Collection Still the Most Dangerous Aspect of Solid Waste Management

SWANA Records 30 Solid Waste Worker Fatalities So Far in 2019

The Solid Waste Association of North America has identified at least 30 worker fatalities industry so far this year in the United States and Canada.

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The Solid Waste Association of North America (SWANA) has identified at least 30 worker fatalities industry so far this year in the United States and Canada.

The trade association said that the tragic deaths make it clear that more work remains to be done to improve industry safety, and are why it is supporting national Safe + Sound Week, August 12–18, 2019.

The figures show an average of more than four worker fatalities have occurred each month this year through July 31. Collection remains the deadliest aspect of the job, with 19 people killed. Of those deaths, 31% were single vehicle crashes and 26% were the result of a worker being struck by their own vehicle.

Post-collection safety remains a concern as well, with seven on-the-job fatalities at landfills, three at MRFs, and one at a transfer station. Even when not on the road, being struck by another vehicle or heavy equipment was the most common cause of death.

“SWANA strongly supports OSHA’s Safe + Sound Week and urges industry employers and employees to take advantage of the safety resources provided by OSHA,” stated David Biderman, SWANA’s Executive Director and CEO.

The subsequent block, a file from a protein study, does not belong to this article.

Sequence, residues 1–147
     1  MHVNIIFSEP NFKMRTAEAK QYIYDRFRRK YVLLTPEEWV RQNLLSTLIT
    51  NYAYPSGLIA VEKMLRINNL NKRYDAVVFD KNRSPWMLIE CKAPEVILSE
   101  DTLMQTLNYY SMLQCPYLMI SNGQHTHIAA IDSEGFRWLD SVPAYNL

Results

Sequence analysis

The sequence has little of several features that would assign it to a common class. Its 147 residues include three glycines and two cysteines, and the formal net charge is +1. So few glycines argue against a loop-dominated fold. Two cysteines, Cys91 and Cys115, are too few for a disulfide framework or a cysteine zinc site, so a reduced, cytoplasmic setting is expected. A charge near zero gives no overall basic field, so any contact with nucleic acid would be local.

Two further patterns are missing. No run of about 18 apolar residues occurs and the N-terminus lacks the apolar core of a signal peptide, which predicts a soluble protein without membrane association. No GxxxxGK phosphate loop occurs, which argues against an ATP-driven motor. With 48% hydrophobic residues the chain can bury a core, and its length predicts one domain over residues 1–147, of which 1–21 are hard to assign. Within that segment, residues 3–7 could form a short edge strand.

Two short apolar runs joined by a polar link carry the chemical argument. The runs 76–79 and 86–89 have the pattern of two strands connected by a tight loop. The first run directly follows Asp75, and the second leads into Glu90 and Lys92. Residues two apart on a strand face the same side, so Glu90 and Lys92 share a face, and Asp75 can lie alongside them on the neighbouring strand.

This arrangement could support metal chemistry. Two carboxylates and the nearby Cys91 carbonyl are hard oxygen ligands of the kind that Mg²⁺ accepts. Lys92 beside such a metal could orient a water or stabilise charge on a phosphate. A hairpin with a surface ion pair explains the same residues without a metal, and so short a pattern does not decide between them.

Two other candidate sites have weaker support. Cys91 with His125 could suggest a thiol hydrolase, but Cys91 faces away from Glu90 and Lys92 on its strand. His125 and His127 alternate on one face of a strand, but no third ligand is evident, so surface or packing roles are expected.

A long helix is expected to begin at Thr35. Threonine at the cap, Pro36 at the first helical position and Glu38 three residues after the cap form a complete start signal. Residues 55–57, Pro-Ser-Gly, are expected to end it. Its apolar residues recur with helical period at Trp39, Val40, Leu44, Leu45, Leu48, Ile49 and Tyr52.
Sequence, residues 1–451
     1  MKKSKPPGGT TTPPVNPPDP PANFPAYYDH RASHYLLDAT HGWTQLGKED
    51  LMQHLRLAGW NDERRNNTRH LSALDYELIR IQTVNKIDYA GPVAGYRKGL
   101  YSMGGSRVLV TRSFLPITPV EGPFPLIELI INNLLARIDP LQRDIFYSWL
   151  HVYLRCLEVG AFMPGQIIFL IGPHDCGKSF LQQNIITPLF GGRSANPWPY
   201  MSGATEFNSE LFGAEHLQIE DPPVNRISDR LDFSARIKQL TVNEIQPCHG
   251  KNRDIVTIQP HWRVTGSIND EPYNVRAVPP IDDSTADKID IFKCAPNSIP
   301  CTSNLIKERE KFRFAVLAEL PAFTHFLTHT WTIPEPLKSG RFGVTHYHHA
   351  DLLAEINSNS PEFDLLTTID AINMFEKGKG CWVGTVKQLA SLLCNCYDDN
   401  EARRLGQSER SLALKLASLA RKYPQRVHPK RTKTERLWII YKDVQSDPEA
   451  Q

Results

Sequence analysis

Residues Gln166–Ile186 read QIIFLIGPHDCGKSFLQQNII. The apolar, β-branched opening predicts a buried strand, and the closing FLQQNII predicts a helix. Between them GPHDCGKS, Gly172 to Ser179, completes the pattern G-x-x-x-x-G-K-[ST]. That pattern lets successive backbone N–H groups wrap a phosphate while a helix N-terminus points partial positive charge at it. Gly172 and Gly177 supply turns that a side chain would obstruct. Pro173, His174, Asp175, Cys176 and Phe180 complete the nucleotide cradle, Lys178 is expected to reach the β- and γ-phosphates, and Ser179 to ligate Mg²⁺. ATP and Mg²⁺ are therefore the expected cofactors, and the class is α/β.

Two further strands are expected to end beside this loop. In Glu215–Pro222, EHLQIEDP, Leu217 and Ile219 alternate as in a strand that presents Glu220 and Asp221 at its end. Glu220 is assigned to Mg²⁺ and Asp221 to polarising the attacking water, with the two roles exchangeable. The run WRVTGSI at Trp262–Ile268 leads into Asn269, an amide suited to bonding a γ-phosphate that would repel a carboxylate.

“Solid waste collection is the fifth most dangerous job in the United States; we need to reduce the frequency of incidents involving our workers and vehicles.”

Texas has had the most worker deaths this year, with five as of July 31. January and June were the worst months, both seeing seven deaths each. The average age of the victim when known was 49 years old.

Fortunately, the solid waste industry is not alone in its fight to eradicate worker fatalities. The third annual OSHA Safe + Sound Week brings together more than 1800 participants and 220 partners, including SWANA, to help raise awareness about workers’ health and safety.

SWANA said that it believes every workplace should have a safety and health program that includes management leadership, worker participation, and a systematic approach to finding and fixing hazards.

Solid waste employers can help make real change this year by participating in a local eventdeveloping a safety and health program, engaging with SWANA Chapter Safety Ambassadors, and encouraging employees to take the SWANA Safety Pledge to show their commitment.

SWANA’s efforts to improve industry safety will continue at the 7th SWANA Safety Summit taking place at WASTECON 2019 in Phoenix, Arizona, October 21 – 24, 2019.

For more information on SWANA’s safety programs, visit swana.org/safety.

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